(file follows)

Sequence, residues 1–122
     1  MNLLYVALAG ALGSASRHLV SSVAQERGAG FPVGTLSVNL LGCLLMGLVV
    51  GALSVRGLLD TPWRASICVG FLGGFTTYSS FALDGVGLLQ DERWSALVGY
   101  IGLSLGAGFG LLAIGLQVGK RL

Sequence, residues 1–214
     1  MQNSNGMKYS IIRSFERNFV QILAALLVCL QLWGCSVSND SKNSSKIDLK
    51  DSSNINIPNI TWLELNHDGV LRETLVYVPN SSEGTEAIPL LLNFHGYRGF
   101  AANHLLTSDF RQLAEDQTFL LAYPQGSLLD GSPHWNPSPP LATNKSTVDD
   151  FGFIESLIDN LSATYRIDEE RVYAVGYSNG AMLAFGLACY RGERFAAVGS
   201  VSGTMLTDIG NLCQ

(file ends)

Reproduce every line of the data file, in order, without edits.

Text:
Sequence, residues 1–122
     1  MNLLYVALAG ALGSASRHLV SSVAQERGAG FPVGTLSVNL LGCLLMGLVV
    51  GALSVRGLLD TPWRASICVG FLGGFTTYSS FALDGVGLLQ DERWSALVGY
   101  IGLSLGAGFG LLAIGLQVGK RL

Sequence, residues 1–214
     1  MQNSNGMKYS IIRSFERNFV QILAALLVCL QLWGCSVSND SKNSSKIDLK
    51  DSSNINIPNI TWLELNHDGV LRETLVYVPN SSEGTEAIPL LLNFHGYRGF
   101  AANHLLTSDF RQLAEDQTFL LAYPQGSLLD GSPHWNPSPP LATNKSTVDD
   151  FGFIESLIDN LSATYRIDEE RVYAVGYSNG AMLAFGLACY RGERFAAVGS
   201  VSGTMLTDIG NLCQ